Primal Attraction


He’ll stop at nothing to claim her…If she doesn’t kill him first.

Pendragon Gargoyles Book 3

A lethal huntress, Sorcha lives to track and eliminate rogue immortals—until her latest assignment turns out to be a sexy, gargoyle shape-shifter. From the start she’s shaken by the lust his touch awakens inside her. Not only that, but the cat is convinced she’s his mate, and for the first time, she’s unable to kill her target.

Still mourning the loss of his mate, Cale is stunned to find Sorcha alive. Yet the woman he aches to possess doesn’t recognize him and is after the only thing that will save his brother—a mystical weapon that will lead to Excalibur.

Determined to protect his family and reclaim his mate, Cale ruthlessly takes advantage of Sorcha’s one weakness—her desire for him. Desire that could unlock their past…or cause him to lose her all over again.x

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“…if you crave a kick-ass heroine paired with a tenacious, alpha-type hero, and a deliciously hot romance, then PRIMAL ATTRACTION is just what the doctor ordered…a definite must-read!” – Romance Junkiesx

“Primal Attraction is a great read for paranormal romance lovers everywhere. Fans of Ilona Andrews will love the stubborn and witty character interactions while fans of Kresley Cole will fan themselves at the sizzling passion.” – Kindlevixenx

“Sydney Somers writes emotional scenes that pack a punch, wrenching as much out of the reader as she possibly can. The result is a story you can’t put down, and I couldn’t wait to learn what happened next.”  Whipped Cream Erotic Romance Reviews




Here, kitty, kitty.

Sorcha resisted checking the time display on her cell phone. The one and only time she’d taken her finger off her crossbow while tracking a target she had ended up eating dragon scales. Not her best moment. Forget the laughs she’d given every other huntress when her so-called best friend blabbed about the whole disaster.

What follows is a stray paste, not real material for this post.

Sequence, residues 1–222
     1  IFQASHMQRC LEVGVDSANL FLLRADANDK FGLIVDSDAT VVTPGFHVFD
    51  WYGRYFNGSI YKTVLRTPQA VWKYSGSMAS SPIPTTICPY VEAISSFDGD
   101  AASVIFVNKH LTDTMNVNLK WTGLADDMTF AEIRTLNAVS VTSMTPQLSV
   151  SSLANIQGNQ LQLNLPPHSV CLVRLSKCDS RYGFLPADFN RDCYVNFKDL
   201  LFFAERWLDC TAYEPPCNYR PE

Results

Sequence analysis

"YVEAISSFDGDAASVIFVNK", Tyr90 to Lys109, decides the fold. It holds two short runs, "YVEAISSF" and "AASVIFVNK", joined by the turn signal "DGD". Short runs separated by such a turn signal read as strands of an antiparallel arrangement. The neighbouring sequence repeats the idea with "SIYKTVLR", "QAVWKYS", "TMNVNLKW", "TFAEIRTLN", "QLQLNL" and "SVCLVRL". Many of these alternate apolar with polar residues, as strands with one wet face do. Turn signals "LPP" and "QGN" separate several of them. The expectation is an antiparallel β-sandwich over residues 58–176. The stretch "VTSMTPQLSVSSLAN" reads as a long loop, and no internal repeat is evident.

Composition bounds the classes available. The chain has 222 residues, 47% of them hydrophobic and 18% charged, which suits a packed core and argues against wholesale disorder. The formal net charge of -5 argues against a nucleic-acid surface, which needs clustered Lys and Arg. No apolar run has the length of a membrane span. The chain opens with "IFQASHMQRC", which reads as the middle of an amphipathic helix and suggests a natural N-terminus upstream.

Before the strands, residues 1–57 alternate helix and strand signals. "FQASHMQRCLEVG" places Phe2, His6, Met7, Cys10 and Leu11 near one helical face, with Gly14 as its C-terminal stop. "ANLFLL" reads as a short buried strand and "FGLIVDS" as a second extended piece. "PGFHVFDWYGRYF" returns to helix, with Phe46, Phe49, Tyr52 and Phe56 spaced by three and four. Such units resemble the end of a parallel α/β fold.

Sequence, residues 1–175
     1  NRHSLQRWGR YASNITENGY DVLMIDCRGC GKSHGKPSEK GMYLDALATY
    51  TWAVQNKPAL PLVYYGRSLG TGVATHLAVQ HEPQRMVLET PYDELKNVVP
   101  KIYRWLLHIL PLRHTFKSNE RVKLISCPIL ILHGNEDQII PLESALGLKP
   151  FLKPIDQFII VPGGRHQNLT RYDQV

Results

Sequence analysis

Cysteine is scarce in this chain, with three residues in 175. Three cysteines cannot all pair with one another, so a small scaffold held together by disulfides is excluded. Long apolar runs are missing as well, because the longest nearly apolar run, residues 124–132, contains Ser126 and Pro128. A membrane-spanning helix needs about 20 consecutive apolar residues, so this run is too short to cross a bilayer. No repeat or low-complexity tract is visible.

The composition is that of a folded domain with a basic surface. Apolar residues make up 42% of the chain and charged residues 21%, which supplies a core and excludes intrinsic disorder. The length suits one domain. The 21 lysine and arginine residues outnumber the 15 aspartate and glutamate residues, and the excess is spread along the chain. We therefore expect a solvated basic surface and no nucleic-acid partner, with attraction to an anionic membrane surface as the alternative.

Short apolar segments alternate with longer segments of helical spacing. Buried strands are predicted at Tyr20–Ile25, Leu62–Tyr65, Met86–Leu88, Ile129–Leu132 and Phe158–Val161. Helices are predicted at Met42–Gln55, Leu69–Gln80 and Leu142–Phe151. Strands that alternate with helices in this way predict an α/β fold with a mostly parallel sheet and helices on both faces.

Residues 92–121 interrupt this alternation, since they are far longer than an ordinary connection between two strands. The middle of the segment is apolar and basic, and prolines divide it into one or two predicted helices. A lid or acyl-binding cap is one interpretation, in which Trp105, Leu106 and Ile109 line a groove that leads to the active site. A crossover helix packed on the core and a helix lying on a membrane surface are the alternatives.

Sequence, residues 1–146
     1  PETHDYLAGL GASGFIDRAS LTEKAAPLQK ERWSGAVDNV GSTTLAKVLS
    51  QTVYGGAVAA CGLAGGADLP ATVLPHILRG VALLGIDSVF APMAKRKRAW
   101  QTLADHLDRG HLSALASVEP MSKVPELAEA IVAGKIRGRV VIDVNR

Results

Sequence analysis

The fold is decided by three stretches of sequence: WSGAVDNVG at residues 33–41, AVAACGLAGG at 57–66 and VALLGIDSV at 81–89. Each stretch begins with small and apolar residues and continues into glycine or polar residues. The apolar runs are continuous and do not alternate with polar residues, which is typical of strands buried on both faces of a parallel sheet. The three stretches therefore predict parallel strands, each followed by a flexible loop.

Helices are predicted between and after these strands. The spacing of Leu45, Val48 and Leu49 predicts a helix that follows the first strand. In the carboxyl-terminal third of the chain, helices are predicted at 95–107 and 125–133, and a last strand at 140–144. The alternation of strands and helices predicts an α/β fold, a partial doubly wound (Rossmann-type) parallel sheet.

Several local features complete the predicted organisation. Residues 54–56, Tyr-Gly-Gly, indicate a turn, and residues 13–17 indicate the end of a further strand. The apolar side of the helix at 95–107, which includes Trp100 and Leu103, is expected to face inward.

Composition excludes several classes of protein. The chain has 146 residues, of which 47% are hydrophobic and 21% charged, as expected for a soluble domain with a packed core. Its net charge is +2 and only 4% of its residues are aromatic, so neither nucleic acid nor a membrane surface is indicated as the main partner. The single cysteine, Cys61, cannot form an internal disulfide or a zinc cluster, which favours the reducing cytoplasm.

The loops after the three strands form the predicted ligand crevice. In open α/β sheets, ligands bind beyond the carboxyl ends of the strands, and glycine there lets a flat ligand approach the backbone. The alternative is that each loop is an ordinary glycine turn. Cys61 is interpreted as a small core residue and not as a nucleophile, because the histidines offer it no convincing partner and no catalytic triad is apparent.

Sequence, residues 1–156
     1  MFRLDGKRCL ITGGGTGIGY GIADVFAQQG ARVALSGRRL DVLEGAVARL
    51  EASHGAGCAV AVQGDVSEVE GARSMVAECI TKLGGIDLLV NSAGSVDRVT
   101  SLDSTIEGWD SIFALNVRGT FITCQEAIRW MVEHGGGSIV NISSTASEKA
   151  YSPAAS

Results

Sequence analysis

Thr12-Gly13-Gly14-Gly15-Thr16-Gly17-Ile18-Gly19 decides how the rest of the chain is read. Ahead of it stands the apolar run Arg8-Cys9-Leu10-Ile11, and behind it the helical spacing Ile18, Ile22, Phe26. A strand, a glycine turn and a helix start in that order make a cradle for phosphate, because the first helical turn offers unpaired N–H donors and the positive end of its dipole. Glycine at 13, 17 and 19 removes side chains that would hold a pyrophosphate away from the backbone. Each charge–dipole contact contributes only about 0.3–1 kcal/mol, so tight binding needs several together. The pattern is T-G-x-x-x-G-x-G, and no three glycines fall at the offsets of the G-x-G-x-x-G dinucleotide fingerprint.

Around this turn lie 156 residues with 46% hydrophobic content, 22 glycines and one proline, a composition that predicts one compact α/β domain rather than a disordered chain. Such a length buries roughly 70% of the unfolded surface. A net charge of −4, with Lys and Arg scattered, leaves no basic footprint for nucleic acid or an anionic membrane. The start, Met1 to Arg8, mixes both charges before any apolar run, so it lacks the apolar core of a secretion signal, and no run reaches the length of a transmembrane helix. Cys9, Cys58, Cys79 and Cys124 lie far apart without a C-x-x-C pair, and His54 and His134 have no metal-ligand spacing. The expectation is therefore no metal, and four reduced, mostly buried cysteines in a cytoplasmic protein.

She scanned the area again, paying close attention to the shadows that stretched across the parking lot below. Cats were damn quiet, the hardest of the gargoyle clans to track when in their animal form. With a two-hour window left to catch her regular girls’ night, she wasn’t about to waste a second by missing the first flicker of movement.

If Callaghan was on time—and the information she’d been given said he was fairly predictable for a cat—she’d be able to return whatever artifact he had in his possession to Rhiannon before catching up with the girls. The goddess had a serious problem with immortals selling any piece of Avalon, let alone selling it on the human black market.

Since Rhiannon’s stance on that had been made painfully clear to all immortals, Callaghan had signed his own death warrant as far as Sorcha was concerned. She didn’t know who he was meeting, didn’t particularly care. Humans were off limits even to her, unless they were a threat to Avalon.

A fleeting melody hummed on the air, sounding suspiciously like Madonna’s “Like a Virgin”.

Damn it, Nessa.

Promising herself she’d hit her best friend later, Sorcha turned her phone off. Her friend’s addiction to texting—and worse, her insistence that Sorcha needed a new phone so she could text more efficiently—was going to get one of them killed. She should have guessed Nessa had screwed with the settings on her phone when the huntress had used it earlier.

Not that she’d hold it against Nessa for too long since her friend hadn’t known she would be tasked with taking out a rogue after they’d met up. Usually immortals were closely scrutinized before the kill order went out. That Rhiannon had skipped that step this time meant Callaghan had gotten in way over his head.

A bank of clouds drifted across the moon, deepening the shadows below. The one lamppost in the small university parking lot had been vandalized at some point, leaving chunks of glass littering the concrete below. Not that she needed help seeing. The cat was the only one in the area whose night vision could rival hers.